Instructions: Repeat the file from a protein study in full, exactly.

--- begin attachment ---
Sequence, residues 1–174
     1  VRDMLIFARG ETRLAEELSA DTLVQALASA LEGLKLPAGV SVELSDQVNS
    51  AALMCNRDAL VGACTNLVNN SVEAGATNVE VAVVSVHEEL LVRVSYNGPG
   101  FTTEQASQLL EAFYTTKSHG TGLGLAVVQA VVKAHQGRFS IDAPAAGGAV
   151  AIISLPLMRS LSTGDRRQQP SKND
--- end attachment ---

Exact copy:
Sequence, residues 1–174
     1  VRDMLIFARG ETRLAEELSA DTLVQALASA LEGLKLPAGV SVELSDQVNS
    51  AALMCNRDAL VGACTNLVNN SVEAGATNVE VAVVSVHEEL LVRVSYNGPG
   101  FTTEQASQLL EAFYTTKSHG TGLGLAVVQA VVKAHQGRFS IDAPAAGGAV
   151  AIISLPLMRS LSTGDRRQQP SKND